It’s a technique we’ve used before to try and bring to life topics that normally switch off most senior managers when raised. I’m referring here to records management.

A couple of years back we used a picture (of the inside of a road tunnel) and asked the company’s management to look at the picture and estimate how much the remedial work about to be undertaken was going to cost.

The figure they gave reflected the fact that they had to strip down the tunnel walls to find out what was behind them; the records and plans were no longer to hand.  Quite apart from the increased cost of the project there was a significant loss of productivity caused by the unecessariy lengthy tunnel closure.

The picture and the supporting story were catalysts for a change in approach and the adoption of a new records management policy contributed to improved effeciency.

It remains to be seen whether the ‘burning platform’ memo will have a more dramatic effect at Nokia; its safe to assume the image is planted firmly in the minds of most employees and stakeholders.  I wonder if the next chapter in this unfolding story will be the release of a story based in the future?

using the past to inform the future: Asian Development Bank

In 2010 in Manila, staff and Alumni at Asian Development Bank were handed a book and cd as part of a new Human Resources strategy, the culmination of an assignment to create a Living Archive for the bank that had begun back in November 2008.


Here is the story of the assignment.

“…the story he told me about his work… made things come alive, and showed where my project fitted into a much larger and more complex picture than I had foreseen or understood.”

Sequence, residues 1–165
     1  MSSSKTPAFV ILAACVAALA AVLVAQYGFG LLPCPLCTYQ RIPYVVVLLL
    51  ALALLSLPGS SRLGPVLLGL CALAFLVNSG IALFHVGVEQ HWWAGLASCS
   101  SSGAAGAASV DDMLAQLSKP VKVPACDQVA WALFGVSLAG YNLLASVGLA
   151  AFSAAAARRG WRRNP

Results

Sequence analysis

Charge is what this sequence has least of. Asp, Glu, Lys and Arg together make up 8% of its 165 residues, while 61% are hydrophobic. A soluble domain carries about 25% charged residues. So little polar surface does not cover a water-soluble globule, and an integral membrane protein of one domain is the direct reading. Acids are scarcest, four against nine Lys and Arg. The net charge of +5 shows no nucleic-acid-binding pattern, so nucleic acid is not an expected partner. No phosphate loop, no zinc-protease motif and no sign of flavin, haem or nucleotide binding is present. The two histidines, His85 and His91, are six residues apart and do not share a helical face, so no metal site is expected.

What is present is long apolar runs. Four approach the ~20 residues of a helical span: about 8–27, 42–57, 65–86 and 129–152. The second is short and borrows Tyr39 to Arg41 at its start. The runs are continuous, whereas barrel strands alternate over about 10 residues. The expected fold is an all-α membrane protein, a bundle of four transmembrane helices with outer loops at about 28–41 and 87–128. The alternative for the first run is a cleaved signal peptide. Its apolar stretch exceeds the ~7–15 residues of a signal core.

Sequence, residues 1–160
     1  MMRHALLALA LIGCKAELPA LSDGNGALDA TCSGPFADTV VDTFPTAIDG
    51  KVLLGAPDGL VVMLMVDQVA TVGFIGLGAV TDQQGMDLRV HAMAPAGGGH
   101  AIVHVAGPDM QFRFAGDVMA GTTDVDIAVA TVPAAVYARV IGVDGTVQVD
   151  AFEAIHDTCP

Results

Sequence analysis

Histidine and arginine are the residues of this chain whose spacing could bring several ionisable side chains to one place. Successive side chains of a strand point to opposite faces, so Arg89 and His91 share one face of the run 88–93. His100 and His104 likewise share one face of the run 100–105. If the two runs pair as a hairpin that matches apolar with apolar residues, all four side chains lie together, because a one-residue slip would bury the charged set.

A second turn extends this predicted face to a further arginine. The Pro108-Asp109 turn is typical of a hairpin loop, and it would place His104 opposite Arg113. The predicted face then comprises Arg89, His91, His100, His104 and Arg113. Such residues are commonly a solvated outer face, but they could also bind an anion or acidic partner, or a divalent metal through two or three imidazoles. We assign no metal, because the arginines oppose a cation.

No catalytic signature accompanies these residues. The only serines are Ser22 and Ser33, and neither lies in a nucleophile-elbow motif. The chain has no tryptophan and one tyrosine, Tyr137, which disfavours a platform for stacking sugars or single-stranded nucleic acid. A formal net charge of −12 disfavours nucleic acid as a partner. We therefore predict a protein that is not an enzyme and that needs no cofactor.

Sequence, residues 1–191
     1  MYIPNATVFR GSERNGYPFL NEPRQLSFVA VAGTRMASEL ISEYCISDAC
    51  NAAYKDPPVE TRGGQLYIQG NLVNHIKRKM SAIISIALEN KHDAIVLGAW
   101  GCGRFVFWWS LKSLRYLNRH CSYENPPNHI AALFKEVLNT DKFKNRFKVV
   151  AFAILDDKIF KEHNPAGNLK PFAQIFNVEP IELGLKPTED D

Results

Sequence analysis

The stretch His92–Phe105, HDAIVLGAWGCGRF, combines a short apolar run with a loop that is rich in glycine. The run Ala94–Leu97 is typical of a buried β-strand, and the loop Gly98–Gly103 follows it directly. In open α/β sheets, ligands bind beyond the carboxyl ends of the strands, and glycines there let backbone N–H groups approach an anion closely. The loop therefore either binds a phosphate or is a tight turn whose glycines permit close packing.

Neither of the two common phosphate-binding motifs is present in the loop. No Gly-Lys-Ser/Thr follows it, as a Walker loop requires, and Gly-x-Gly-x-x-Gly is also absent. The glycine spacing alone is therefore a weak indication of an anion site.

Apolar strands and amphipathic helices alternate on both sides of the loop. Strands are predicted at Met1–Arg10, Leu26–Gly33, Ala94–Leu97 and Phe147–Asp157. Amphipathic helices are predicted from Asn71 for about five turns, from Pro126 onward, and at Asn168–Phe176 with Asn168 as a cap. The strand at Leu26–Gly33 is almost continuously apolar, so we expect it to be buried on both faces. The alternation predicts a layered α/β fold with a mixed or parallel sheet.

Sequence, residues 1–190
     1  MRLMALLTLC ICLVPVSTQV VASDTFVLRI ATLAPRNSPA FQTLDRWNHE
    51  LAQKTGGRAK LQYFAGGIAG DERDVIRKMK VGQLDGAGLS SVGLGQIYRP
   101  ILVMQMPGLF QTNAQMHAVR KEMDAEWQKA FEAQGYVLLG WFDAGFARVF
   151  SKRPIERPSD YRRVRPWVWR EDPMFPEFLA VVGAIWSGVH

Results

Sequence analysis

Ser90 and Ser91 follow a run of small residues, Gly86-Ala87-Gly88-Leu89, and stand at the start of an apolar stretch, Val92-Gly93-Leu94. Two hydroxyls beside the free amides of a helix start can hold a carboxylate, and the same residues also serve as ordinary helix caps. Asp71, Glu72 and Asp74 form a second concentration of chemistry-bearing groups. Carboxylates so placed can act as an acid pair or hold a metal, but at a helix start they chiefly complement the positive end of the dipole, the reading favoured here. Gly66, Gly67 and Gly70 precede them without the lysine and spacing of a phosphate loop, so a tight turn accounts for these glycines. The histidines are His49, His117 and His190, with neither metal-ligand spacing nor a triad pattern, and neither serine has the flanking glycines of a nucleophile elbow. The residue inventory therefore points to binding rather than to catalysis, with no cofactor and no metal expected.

Rajat M Nag
| Managing Director General

In November 2008 ADB officials and alumni embarked on a journey to find new ways to share reflections, insights and experience. Recognizing the power of narrative to stimulate dialog and unearth the hidden stories that best illustrate an organization at work, ADB appointed Sparknow LLP, a knowledge and communications consultancy, to help to create a Living Archive and to nurture the individual and collective practices that will allow ADB build a new narrative capacity to marry to the substantial analytical skills it already has.

An exhibit, plenary sessions, a combination of short, structured sessions and more extended oral history interviews, interactive workshops and on location sound recording were techniques employed to capture the content that forms the backbone of an embryonic Living Archive upon which ADB can build.

Today, the Living Archive comprises:

  • a slim book, ADB: Reflections and Beyond, capturing significant events in ADB’s history told through the eyes of some of those who were involved
  • a set of audio clips for use in induction and training
  • a CD featuring the sounds of ADB and Asia as a backdrop to many illuminating reminiscences about working for and in ADB
  • a narrative practitioner manual to support ADB in evolving the processes and practices across the organization.

A small group of determined, enthusiastic and skilled Narrative Practitioners has worked with Sparknow throughout and these people are now equipped to listen for, capture and share stories about ADB, its work and impact on those it seeks to help. These processes and their products can be seeded through all parts of the organization, whether it’s the formation of a community of practice, better handling of a mission debrief, or new ways of evaluating and carrying out after action reviews. ADB’s narrative practitioner team will help to build on the work with Sparknow in 2010 and make the most of the possibilities it has opened up.

Fast forward a couple of years to 2012 and this case study is now part of a publication from the Ark Group entitled Making Knowledge Management Work For Your Organisation”